2.3
0.5
0.5
1.2
0.4
0.0
1.4
0.2
0.0
1.1
0.2
0.0
2.9
0.5
0.0
1.2
0.4
0.0
2.5
0.5
0.1
2.3
0.3
0.0
2.1
0.1
0.1
1.8
1.0
0.0
1.7
0.4
0.1
100.0 100.0 100.0 100.0 100.0 100.0 100.0 100.0 100.0 100.0 100.0 100.0 100.0 100.0
3,793 10,849 1,367
911 2,059 2,282
890 1,027 1,895
945
918 1,405
943 14,642
Household response
1
rate (HRR)
99.0
99.4
99.8
97.8
99.7
99.7
99.7
99.8
99.6
98.0
98.8
99.3
98.9
99.3
Eligible women
Completed (EWC)
Not at home (EWNH)
Postponed (EWP)
Refused (EWR)
Partly completed (EWPC)
Incapacitated (EWI)
Other (EWO)
98.0
1.0
0.0
0.2
0.1
0.6
0.1
97.7
1.3
0.0
0.2
0.2
0.5
0.1
98.5
0.8
0.0
0.0
0.2
0.5
0.2
94.6
3.4
0.6
0.9
0.3
0.2
0.0
98.1
1.1
0.0
0.0
0.1
0.7
0.1
98.8
0.6
0.0
0.0
0.1
0.3
0.1
96.7
1.8
0.0
0.2
0.7
0.5
0.1
98.4
0.6
0.0
0.2
0.0
0.7
0.1
98.2
1.1
0.0
0.0
0.2
0.4
0.0
95.9
2.7
0.0
0.1
0.5
0.4
0.2
96.2
1.3
0.0
0.6
0.3
1.5
0.1
98.3
0.6
0.0
0.2
0.2
0.5
0.1
97.9
1.6
0.0
0.0
0.1
0.5
0.0
97.8
1.2
0.0
0.2
0.2
0.5
0.1
Total
Number of women
Eligible woman response
2
rate (EWRR)
100.0 100.0 100.0 100.0 100.0 100.0 100.0 100.0 100.0 100.0 100.0 100.0 100.0 100.0
4,636 11,080 1,326
907 1,946 2,608
873 1,008 2,065
913
944 2,050 1,076 15,716
98.0
97.7
98.5
94.6
98.1
98.8
96.7
98.4
98.2
95.9
96.2
98.3
97.9
97.8
Overall response
3
rate (ORR)
97.0
97.1
98.3
92.6
97.8
98.5
96.3
98.2
97.8
94.0
95.0
97.6
96.8
97.1
_________________________________________________________________________________________________________________________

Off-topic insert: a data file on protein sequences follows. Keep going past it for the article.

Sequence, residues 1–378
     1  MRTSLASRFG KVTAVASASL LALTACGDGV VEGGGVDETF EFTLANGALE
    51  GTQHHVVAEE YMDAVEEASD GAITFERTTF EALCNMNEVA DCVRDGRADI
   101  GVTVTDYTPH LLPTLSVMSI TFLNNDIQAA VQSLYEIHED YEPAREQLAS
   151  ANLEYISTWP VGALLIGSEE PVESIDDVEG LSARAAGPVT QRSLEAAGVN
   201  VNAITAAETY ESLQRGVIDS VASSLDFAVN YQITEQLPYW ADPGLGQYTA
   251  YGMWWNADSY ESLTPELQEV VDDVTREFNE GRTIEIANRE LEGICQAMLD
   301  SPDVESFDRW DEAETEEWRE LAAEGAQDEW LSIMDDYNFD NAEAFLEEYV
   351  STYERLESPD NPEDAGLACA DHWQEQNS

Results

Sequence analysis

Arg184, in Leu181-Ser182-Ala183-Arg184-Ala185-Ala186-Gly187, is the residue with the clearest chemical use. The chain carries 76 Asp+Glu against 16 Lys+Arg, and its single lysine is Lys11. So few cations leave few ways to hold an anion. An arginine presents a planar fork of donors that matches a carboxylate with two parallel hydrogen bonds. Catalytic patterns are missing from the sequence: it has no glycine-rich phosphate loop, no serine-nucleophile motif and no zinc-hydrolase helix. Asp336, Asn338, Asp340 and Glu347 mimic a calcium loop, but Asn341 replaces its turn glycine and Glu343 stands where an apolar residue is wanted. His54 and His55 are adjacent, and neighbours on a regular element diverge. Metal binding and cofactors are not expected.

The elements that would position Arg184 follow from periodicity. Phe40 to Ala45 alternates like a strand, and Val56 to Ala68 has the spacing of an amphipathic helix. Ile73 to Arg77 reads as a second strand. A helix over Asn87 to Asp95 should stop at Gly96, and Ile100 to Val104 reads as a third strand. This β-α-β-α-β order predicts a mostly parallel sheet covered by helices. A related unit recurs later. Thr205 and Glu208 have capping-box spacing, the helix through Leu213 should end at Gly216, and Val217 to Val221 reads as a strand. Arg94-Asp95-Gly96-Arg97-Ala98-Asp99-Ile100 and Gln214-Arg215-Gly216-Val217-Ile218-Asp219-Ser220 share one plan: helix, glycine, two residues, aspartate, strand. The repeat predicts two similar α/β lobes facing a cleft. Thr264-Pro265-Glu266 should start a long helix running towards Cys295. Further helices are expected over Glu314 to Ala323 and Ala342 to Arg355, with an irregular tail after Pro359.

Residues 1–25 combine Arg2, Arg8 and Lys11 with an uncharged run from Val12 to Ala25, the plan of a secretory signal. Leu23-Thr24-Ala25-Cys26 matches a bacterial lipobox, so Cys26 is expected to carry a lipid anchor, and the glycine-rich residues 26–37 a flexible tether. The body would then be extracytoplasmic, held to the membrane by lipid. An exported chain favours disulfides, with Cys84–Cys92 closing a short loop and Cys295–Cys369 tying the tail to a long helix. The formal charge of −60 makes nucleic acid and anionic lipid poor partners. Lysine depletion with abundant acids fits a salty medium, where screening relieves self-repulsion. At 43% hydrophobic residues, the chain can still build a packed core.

Note: The household response rate is calculated for completed households as a proportion of completed, no competent respondent, postponed,
refused, dwelling not found, household absent, dwelling vacant, dwelling destroyed, and "other." The eligible woman response rate is calculated for
completed interviews as a proportion of completed, not at home, postponed, refused, partially completed, incapacitated, and "other." The overall
response rate is the product of the household and woman response rates.
1
Using the number of households falling into specific response categories, the household response rate (HRR) is calculated as:
C
____________________ * 100
C + HP + P + R + DNF
2
Using the number of eligible women falling into specific response categories, the eligible woman response rate (EWRR) is calculated as:
EWC
_______________________________________________ * 100
EWC + EWNH + EWP + EWR + EWPC + EWI + EWO
3
The overall response rate (ORR) is calculated as:
ORR = (HRR * EWRR) ÷ 100
186
* Appendix A
Table A.1.2 Sample implementation: men
Percent distribution of households and eligible men in the Ethiopia DHS sample by results of the household and individual interviews
and household, eligible men, and overall response rates, according to region and urban-rural residence, Ethiopia 2000
_________________________________________________________________________________________________________________________
Residence
Region
____________ _________________________________________________________________________
OroBenGamAddis Dire
Result
Urban Rural Tigray Affar Amhara miya Somali Gumz. SNNP bela Harari Ababa Dawa Total
_________________________________________________________________________________________________________________________
Selected households
Completed (C)
Household present but
no competent respondent
at home (HP)
Refused (R)
Dwelling not found (DNF)
Household absent (HA)
Dwelling vacant/address
not a dwelling (DV)
Dwelling destroyed (DD)
Other (O)
Total
Number of households
96.7
97.2
97.6
92.5
97.9
97.2
97.6
96.4
98.3
93.1
97.6
98.0
98.9
97.1
0.4
0.0
0.0
0.4
0.3
0.1
0.2
0.9
0.0
0.0
0.0
0.8
0.0
0.0
1.3
3.8
0.3
0.0
0.0
1.3
0.5
0.0
0.0
0.5
0.0
0.6
0.0
0.6
0.0
0.0
0.0
1.0
0.3
0.0
0.3
0.3
2.3
0.0
0.0
0.6
0.0
0.0
0.0
0.0
0.0
0.0
0.0
0.0
0.6
0.0
0.0
0.0
0.3
0.0
0.1
0.7
2.2
0.1
0.1
1.3
0.1
0.1
1.6
0.0
0.0
1.3
0.6
0.6
0.5
0.0
0.0
1.9
0.0
0.0
1.2
0.0
0.0
2.6
0.0
0.0
0.9
0.0
0.0
3.4
0.0
0.6
1.8
0.6
0.0
2.0
0.0
0.0
0.6
0.0
0.0
1.5
0.1
0.1